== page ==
After previous near-misses, Chris Copeland lands in New Orleans

As far back as three summers ago, when Chris Copeland was a restricted free agent following his stellar rookie NBA season with New York, the forward believed he was destined for the Crescent City. The Pelicans were one of several teams interested in Copeland, after he shot a scorching 42.1 percent on three-pointers.

“There were times when I woke up in the morning and was like, ‘I’m going to New Orleans,’ ” Copeland remembered. “It was that close.”

Ultimately though, the Indiana Pacers added the 6-foot-9, 239-pounder via a two-year contract. In 2015, he became a free agent again, but signed with Milwaukee. Finally, Copeland has now landed in Louisiana, extended a training camp invite by the Pelicans in August.

“I’ve thought I was coming here a few times before this,” the University of Colorado product said this week. “For whatever reason, it didn’t pan out. I’m just glad it actually came full circle and I get the opportunity to try again this year. It’s a great city. I tell people time and time again, it has some of the best food in the world, and the atmosphere here is special.”

Although New Orleans is a brand-new team for the 32-year-old, he actually knows two other first-time Pelicans players extremely well, having played with Solomon Hill and Lance Stephenson in Indiana. Copeland calls two-year Pacers teammate Hill “like a brother of mine.”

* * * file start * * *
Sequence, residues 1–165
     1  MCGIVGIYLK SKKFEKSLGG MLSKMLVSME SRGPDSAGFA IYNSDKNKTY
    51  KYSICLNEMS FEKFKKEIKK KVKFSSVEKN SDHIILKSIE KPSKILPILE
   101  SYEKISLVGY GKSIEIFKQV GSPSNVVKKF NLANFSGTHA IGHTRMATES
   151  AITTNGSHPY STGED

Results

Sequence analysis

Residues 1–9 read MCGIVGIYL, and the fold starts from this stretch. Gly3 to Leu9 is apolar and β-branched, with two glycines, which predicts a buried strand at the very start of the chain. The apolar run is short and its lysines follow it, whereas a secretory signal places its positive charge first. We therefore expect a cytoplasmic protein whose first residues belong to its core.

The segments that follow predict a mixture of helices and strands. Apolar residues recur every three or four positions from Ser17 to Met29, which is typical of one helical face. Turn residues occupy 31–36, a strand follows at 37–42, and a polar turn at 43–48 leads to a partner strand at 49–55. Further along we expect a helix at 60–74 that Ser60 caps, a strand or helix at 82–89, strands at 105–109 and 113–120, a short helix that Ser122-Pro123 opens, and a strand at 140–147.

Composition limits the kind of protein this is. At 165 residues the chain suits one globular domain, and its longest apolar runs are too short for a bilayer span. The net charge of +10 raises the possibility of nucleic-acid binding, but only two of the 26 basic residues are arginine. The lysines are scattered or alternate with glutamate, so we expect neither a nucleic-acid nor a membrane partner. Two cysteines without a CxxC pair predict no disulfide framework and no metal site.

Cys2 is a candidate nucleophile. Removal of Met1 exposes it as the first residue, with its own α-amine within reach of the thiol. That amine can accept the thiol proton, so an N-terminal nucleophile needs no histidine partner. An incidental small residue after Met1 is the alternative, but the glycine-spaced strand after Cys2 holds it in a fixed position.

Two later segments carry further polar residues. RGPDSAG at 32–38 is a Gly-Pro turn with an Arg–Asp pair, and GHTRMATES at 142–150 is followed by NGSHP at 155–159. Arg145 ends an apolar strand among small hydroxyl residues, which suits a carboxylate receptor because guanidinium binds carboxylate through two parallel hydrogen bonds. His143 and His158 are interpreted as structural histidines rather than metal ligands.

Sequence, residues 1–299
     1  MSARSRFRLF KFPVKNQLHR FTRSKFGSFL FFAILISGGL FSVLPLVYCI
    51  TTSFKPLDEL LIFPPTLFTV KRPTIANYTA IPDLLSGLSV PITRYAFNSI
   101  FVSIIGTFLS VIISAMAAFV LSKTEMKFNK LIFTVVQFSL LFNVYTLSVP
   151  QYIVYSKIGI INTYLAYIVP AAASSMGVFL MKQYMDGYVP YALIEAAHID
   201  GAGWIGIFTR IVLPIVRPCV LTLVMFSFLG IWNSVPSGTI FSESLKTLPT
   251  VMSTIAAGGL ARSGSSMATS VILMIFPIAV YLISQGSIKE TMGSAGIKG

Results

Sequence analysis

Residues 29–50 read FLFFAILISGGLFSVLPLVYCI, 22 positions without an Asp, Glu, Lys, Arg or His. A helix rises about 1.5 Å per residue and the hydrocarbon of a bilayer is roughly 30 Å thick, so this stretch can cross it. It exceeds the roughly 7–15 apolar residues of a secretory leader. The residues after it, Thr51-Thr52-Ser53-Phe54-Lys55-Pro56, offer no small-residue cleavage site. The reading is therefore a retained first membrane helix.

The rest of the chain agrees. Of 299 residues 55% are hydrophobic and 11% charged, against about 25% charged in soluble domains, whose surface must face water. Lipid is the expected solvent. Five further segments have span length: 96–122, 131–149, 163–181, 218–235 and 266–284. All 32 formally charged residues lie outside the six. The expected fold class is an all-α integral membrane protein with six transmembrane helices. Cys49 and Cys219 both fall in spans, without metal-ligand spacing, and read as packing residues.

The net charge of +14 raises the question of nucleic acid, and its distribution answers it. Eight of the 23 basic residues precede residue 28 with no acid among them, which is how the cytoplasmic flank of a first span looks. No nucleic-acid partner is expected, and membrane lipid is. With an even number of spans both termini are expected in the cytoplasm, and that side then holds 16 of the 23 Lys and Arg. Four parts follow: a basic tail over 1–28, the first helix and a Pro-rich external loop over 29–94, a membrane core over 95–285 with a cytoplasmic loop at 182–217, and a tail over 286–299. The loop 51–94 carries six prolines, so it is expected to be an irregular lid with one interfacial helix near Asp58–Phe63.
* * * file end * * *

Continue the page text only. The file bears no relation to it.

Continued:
“Solomon is a quiet guy, a quiet assassin,” Copeland said, when asked how he’d describe the personalities of Hill and Stephenson. ���Solo is a quiet leader. He comes out and works his butt off. He’s incredibly in-your-face as a defender. He can make plays on both ends of the floor.

“Then you have Lance, who is probably the total opposite – he’s a fun-loving guy, a little bit more of an entertainer. But both of them are extremely hard-working and in-your-face guys. They always compete at the highest level and put their best foot forward. It was great for me to play with those guys in Indiana and am looking forward to playing with them here.”

Copeland’s game in the NBA has centered on his perimeter gunning, as a player opponents try to chase off the three-point line. In each of the past three seasons, he’s taken the majority of his field-goal attempts from beyond the arc, including launching 36 treys in 2015-16 out of just 51 total shots. For his career, he has a nearly 50-50 split, with 422 threes attempted and 436 twos. If the career 36.5 percent three-point shooter can secure a roster spot with New Orleans, he could be an ideal fit. The Pelicans became much more reliant on spacing in 2015-16 (tied for 15th in trey attempts per game, up from 23rd in ’14-15) and have three-time All-Star forward Anthony Davis as the focal point of their offense.

“He’s a special talent all-around,” Copeland said of the NBA’s seventh-leading scorer last season. “As a shooter, to play with a guy like that, hopefully I can make his job easy, and I’m sure he’ll make mine easy. I think there can be great synergy there. It’s exciting for me.

“The conversation (I had with the Pelicans while signing) is that what I do does fit well here. At the end of the day, hopefully I can add that piece to the puzzle and help us get over the hump.”